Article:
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wls1971

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About wls1971

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  • Birthday 08/17/1971

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    Leeds, West Yorkshire, England

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  1. Its a early Landeron possibly a Calibre 13, only way to identify for sure would be a pic of the keyless works, Eberhard in my experience from a number of years ago are a very good company to deal with if you require parts they will supply if they have them in stock, they also seem to have good factory records so if you contact them with the serial number they may be able to help.
  2. This is a very well written PDF on the subject well worth a read: http://www.nawcc-index.net/Articles/LaBounty-Burnishing.pdf
  3. Turn it over and unscrew the two screws from below this will release the cap jewel and allow the regulator to be removed, why does it need replacing ?
  4. I would think that you need to remove the watch bezel and drop the movement out through the front of the watch.
  5. You means the SC ? that's the code for center seconds a abbreviation of french seconde centrale
  6. It should be a early Seamaster with center seconds
  7. The red pointer should reset when the chronograph is reset, is the large white hand moving ? if so the chronograph is running, press the top button followed by the bottom button and all the hands should reset to zero, if not the hands have gone out of sync, these can be reset, unscrew the watch crown pull it all the way out, then press both the top and bottom chronograph buttons at the same time the chronograph seconds hand will do a complete revolution that indicates the watch is in hand reset mode pressing the top button will advance the large seconds hand one second at a time, pressing the bottom button will move the reset to the next sub dial hand, pressing the top button will then advance that hand one index at a time repeat till all hands are in their relative zero positions. If you get stuck their are plenty of youtube videos on the subject of resetting quartz chronographs.
  8. The red hand is the chronograph minute counter, there is no minute sub dial on these watches, top right sub dial 1/10th of a second bottom middle sub dial constant seconds, top left sub dial hour counter.
  9. Some spares for smiths are available you need to identify the platform fitted I think it will be a Smiths EA31 which was widely used by Smiths/Jaeger for car clocks there are some complete platforms available on Ebay and balance staff are available for them remove the platform and post some pics of the platform topside underside and side view.
  10. The rim wind Jaegers/Smiths are fitted with a calibre 201 7 jewel used both in aircraft and car clocks I dont know if the U.S would be the same. The only rim set car clock I have had was a Benrus Chrysler clock that fitted in the centre of the steering wheel and was automatic winding as you steered the car the clock wound , a very expensive option in the 1950's so very few where sold in the day, I sold it to a classic car restorer in America,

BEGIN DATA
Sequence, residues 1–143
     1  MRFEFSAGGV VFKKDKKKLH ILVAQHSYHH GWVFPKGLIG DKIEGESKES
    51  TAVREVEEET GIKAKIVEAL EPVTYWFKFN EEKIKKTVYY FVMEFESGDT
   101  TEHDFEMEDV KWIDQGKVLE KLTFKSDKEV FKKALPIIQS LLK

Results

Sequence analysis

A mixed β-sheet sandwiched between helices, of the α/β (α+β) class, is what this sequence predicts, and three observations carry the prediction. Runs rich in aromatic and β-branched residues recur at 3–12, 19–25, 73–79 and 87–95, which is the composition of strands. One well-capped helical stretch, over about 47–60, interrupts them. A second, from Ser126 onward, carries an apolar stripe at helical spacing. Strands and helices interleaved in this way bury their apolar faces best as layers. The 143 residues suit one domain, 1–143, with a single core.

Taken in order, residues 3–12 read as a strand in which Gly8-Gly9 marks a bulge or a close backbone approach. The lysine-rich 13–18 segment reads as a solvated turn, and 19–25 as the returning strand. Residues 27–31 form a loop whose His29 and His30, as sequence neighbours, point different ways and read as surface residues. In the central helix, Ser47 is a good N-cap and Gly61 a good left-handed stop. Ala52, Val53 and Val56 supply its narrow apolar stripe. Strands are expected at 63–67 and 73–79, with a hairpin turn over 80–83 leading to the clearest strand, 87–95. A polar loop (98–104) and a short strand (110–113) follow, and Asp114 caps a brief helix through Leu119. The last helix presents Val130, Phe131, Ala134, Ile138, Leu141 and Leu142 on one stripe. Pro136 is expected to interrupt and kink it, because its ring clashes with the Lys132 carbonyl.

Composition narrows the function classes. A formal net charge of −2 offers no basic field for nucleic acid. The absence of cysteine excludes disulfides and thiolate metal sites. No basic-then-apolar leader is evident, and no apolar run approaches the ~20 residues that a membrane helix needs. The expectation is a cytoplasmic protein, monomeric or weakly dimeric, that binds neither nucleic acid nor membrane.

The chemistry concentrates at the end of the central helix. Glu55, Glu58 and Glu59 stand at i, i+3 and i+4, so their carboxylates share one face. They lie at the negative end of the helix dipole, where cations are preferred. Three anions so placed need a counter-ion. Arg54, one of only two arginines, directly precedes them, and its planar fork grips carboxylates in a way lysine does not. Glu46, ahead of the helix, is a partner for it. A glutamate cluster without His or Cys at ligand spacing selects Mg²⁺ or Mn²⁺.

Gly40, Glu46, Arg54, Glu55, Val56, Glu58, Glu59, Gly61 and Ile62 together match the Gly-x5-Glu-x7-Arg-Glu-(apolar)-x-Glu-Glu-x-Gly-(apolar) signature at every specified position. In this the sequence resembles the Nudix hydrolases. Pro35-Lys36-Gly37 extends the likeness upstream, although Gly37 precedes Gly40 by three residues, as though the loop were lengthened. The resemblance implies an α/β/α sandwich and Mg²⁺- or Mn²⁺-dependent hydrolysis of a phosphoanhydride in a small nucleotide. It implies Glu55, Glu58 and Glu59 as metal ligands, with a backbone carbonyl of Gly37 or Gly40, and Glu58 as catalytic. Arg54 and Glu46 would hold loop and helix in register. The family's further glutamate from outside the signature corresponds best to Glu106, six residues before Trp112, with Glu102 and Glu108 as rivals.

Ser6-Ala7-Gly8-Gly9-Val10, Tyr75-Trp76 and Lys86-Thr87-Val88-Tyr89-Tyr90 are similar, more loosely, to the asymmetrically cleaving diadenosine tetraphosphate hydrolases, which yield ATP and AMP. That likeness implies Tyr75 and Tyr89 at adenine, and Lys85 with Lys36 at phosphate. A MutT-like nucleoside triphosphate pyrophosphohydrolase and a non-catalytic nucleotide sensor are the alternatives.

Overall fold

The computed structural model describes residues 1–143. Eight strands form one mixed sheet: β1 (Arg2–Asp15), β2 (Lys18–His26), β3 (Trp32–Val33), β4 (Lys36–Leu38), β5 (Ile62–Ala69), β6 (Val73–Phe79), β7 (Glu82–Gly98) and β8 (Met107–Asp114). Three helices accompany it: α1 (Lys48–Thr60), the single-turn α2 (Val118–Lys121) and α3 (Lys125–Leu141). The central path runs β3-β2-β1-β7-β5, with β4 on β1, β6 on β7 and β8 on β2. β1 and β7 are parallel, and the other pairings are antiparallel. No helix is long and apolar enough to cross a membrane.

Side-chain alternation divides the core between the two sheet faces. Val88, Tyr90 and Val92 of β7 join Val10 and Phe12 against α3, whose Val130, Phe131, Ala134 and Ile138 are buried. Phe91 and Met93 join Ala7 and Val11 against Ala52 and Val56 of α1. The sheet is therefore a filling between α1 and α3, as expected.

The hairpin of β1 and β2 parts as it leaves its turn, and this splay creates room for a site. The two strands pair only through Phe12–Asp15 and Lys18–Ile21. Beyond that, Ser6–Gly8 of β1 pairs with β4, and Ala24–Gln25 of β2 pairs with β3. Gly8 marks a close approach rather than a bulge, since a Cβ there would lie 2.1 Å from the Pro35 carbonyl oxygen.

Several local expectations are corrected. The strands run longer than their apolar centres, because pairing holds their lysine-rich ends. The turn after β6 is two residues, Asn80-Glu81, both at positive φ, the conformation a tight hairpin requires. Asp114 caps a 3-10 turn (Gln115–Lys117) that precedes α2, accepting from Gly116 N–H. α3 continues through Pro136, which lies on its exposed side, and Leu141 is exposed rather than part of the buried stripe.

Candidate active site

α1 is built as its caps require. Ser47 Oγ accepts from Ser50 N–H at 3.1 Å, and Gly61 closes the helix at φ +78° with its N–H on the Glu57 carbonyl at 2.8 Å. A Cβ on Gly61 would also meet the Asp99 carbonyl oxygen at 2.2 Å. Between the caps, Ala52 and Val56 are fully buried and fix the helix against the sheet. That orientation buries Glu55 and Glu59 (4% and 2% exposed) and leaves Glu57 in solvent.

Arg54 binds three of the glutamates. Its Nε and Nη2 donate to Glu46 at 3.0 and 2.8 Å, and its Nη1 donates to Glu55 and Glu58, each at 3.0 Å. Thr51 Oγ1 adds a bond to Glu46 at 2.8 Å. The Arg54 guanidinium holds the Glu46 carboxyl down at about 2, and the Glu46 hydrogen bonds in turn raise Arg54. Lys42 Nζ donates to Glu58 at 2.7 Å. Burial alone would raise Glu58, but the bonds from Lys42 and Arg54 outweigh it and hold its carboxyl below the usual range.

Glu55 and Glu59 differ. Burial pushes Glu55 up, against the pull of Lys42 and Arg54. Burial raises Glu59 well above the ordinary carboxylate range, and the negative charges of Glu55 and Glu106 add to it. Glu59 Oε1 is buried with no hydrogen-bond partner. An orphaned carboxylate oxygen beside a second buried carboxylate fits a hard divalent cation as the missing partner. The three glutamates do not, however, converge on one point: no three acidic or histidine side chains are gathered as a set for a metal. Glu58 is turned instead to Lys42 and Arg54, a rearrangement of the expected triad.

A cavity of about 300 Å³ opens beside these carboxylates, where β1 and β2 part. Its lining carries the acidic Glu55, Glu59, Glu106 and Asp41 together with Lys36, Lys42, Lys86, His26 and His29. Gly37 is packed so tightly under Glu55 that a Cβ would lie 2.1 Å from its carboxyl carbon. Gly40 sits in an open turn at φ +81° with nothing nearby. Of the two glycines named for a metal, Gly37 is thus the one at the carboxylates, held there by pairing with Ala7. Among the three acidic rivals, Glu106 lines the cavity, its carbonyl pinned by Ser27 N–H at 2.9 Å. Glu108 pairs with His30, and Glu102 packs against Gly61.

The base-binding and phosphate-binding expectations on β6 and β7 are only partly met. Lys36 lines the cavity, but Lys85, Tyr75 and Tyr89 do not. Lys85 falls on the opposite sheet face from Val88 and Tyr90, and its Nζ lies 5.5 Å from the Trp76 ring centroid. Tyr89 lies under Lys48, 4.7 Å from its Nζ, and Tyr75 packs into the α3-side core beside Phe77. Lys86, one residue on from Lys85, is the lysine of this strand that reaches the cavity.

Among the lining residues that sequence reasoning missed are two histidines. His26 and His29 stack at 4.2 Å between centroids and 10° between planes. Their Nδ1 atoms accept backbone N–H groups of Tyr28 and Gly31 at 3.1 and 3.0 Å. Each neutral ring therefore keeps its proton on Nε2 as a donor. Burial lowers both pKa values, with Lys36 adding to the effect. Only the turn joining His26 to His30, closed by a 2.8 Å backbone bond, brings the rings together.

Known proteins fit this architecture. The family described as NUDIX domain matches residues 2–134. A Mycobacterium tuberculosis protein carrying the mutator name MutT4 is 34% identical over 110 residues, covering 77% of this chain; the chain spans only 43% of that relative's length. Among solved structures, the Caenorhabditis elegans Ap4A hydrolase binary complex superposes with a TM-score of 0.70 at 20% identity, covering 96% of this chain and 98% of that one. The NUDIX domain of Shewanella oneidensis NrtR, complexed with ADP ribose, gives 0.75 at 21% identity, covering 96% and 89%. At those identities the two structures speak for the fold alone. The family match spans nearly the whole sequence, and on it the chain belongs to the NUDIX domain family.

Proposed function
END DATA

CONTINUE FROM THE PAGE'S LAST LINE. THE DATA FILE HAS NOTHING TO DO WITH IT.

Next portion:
11. If it is a FAZ the movement will be the same as this one: https://onatelier.co.uk/jaeger-classic-car-cockpit-clock
  12. This catalogue may help to I.D the clock: http://www.hells-confetti.com/Technical data/Jaeger Instruments/British Jaeger Dashboard Instruments.pdf
  13. French chalk: https://www.cousinsuk.com/product/french-chalk Use a very soft brush such as the very soft Glasgow brush : https://www.cousinsuk.com/product/natural-bristle-brushes-handheld The brush is passed over the chalk to coat it , you then brush the plates using the brush in a very fast motion applying no pressure just skim the surface very fast any excess chalk must be blown from the pivot holes and surface when finished, the plates must be absolutely bone dry before chalking other wise the chalk may sit in the pivot holes and not be removed when blowing clear. Lacquering is a skill in it's self applying the lacquer with a very fine natural bristle brush such as a Camel brush natural bristles let the lacquer flow better from the brush than nylon or synthetic bristle brushes, traditional lacquers are shellac based and dry very quickly almost on contact applying to parts that have been slightly warmed before hand gives a more even result, I have Lacquered by hand and have had some good results, but it is a frustrating process at times you have to work quickly and methodically, clear lacquers are easier to get good result with, warm tone Lacquers can be very unforgiving so in the end I gave up and now use a compressor and airbrush to apply. https://www.cousinsuk.com/product/lacquers-rapid-drying
  14. I assume by this you mean orientation of the flat side and the domed side of the jewel ? but are you sure you put the cap jewels in the right place ? they are quite often not the same, the cap jewel that goes in the main plate is often thinner than the jewel that fits on the balance cock which is often thicker.
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